‘Spider-Man: Across the Spider-Verse’ is a box office hit

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This image shows Miles Morales as Spider-Man, voiced by Shameik Moore, in a scene from Columbia Pictures’ and Sony Pictures Animation’s “Spider-Man: Across the Spider-Verse.” The new movie is a hit among BYU students. (Sony Pictures Animation via AP)

In under two weeks, Sony Picture’s “Spider-Man: Across the Spider-Verse” grossed as much as the first installment, “Spider-Man: Into the Spider-Verse.” Local outlooks on the superhero genre remain tepid despite the buzz.

The animated Spider-Man sequel, featuring Miles Morales as an inter-dimensional web-slinger, has BYU movie fans pleased with the story and hungry for the next chapter. The sequel continues to receive international acclaim as fans flock to theaters and boost the $315 million gross from the 12 opening days.

“It was probably, like one of the best sequels I’ve seen for a long time,” BYU cybersecurity major Katherine Rackliffe said.

Other students, like BYU pre-animation student Tiffani Cookson, professed their dedication to the Spider-Man movies as a genre.

“I’ve always loved Spider Man … I will always go see a Spider Man movie,” Cookson said.

This image shows Miles Morales as Spider-Man, voiced by Shameik Moore, and Spider-Gwen, voiced by Hailee Steinfeld, in a scene from Columbia Pictures’ and Sony Pictures Animation’s “Spider-Man: Across the Spider-Verse.” Many interviewed BYU students said one of the most driving elements of the film was the excellent cast of characters and their stories. (Sony Pictures Animation via AP)

However, the warm reception for Miles Morales does not carry over to the upcoming chapters in Marvel and DC superhero movies.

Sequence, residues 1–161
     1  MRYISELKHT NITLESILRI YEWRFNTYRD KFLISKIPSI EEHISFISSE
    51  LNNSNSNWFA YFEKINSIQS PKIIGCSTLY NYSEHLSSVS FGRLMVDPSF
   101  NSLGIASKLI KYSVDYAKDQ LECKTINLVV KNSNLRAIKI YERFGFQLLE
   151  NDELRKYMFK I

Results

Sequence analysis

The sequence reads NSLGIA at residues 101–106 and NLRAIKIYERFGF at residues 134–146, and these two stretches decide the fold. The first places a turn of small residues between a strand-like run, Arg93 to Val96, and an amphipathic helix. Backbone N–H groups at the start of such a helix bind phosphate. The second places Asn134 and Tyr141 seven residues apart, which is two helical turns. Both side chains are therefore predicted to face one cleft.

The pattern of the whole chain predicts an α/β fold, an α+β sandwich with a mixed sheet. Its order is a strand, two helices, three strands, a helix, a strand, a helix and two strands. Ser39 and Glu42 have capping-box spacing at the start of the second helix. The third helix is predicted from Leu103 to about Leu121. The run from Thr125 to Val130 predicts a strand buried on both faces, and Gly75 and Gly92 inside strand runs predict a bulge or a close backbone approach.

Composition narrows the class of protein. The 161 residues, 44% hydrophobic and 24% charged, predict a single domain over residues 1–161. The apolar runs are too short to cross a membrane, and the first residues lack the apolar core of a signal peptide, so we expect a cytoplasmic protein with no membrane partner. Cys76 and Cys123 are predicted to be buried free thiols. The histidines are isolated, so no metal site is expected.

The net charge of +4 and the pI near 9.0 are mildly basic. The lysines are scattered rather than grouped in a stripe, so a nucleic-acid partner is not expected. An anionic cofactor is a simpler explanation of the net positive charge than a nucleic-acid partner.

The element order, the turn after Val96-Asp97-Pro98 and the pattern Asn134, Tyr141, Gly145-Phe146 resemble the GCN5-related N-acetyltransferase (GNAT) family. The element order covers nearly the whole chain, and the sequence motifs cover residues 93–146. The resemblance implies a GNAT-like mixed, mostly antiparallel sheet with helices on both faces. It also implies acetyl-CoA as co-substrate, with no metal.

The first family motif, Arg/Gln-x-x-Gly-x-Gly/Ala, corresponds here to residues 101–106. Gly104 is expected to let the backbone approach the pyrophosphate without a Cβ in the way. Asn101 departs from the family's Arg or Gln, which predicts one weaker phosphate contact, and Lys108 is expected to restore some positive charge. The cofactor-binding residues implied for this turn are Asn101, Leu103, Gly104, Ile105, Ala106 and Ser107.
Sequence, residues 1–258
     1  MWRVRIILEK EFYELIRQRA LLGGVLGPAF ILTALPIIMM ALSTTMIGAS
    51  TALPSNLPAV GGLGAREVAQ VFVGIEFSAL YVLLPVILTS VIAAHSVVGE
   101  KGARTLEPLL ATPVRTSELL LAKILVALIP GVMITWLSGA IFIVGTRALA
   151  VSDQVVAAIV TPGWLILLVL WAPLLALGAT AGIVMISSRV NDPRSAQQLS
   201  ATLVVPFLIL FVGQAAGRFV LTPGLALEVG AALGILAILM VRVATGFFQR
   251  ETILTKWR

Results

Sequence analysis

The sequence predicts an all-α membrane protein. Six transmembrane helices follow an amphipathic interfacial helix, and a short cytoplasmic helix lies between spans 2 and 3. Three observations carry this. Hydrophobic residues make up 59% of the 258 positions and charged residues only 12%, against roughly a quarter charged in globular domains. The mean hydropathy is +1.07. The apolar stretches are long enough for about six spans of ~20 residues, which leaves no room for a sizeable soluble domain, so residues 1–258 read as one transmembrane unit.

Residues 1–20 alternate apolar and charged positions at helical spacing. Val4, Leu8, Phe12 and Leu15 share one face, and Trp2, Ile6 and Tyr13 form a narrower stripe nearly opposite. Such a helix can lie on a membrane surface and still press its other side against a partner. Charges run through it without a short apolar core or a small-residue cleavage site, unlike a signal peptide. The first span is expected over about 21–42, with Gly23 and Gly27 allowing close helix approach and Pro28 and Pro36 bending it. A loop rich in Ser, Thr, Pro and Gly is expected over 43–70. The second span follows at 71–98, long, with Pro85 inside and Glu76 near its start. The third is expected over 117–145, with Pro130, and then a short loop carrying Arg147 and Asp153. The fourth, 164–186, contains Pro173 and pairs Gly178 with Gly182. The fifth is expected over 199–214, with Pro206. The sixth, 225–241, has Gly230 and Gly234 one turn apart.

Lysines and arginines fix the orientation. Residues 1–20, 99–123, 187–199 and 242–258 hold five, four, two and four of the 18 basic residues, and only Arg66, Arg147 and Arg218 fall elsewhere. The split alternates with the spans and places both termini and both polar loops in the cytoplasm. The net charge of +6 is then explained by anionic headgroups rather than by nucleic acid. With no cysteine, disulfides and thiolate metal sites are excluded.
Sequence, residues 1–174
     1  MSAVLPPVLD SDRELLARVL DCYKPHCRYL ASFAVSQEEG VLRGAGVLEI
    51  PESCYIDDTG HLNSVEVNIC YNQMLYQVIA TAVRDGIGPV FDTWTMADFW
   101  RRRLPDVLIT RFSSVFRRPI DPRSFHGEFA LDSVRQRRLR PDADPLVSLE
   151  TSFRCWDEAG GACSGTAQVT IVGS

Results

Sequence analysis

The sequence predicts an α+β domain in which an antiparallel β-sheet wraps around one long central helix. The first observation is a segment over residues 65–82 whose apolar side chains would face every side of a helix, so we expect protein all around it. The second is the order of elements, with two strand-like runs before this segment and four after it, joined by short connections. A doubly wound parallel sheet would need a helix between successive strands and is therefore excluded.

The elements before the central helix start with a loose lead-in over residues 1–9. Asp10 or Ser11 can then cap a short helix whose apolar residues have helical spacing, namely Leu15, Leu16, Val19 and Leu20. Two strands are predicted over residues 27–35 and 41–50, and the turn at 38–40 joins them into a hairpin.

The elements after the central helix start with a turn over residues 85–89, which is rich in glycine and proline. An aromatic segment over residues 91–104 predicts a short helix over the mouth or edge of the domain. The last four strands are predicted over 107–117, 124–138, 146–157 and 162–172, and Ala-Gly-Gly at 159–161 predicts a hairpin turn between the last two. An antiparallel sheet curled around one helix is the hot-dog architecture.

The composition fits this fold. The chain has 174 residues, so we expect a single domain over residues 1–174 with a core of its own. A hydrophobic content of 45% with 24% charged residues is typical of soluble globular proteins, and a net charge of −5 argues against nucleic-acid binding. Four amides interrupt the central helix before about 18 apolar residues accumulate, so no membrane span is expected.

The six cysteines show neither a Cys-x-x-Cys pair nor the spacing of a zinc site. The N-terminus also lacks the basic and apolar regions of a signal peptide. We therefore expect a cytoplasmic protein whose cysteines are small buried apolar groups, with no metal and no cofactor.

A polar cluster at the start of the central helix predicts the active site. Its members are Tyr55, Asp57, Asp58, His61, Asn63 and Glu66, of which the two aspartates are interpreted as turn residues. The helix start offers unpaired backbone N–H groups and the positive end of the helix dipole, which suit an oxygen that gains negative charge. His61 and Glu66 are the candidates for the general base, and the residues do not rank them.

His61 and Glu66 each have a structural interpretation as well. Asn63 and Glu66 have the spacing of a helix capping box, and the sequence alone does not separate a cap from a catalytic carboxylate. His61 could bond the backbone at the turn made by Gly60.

Some students like Cookson point to the alleged decrease in quality and direction of Marvel movies after the 2019 culmination of the first stages of the Marvel saga in “Avengers: Endgame,” which remains the highest-grossing superhero movie of all time at nearly $2.8 billion.

Others use Tom Holland’s depiction of Spider-Man as a qualitative milestone for superhero movies as a genre.

“As far as Marvel goes, it has been a bit of a downhill after ‘No Way Home,'” BYU student Dave Andrada said.

The theater empties between shows at Cinemark 16 in Provo Towne Center. Marvel’s recent theatrical efforts have not impressed audiences as they reliably did a few years ago. (Joshua Rust)

Marvel’s recent efforts to reinvigorate the franchise with a new “big bad,” Kang the Conqueror, flopped in their recent “Antman and the Wasp: Quantumania.” Critics and the general audience alike agreed the Marvel Comic Universe “has run out of gas” because of the film.

“Across the Spider-Verse” is poised to overtake “Quantumania” in box office performance in the upcoming weeks according to some.

“Maybe it’s just that the movies that Marvel is making are just really lame. They try to use comedy to cover up the plot,” self-professed superhero enthusiast and BYU senior Spencer Moon said.

Spider-Verse fans now wait anxiously for the next installment set to release early next year and hope for some improvement to the quality of other superhero films.

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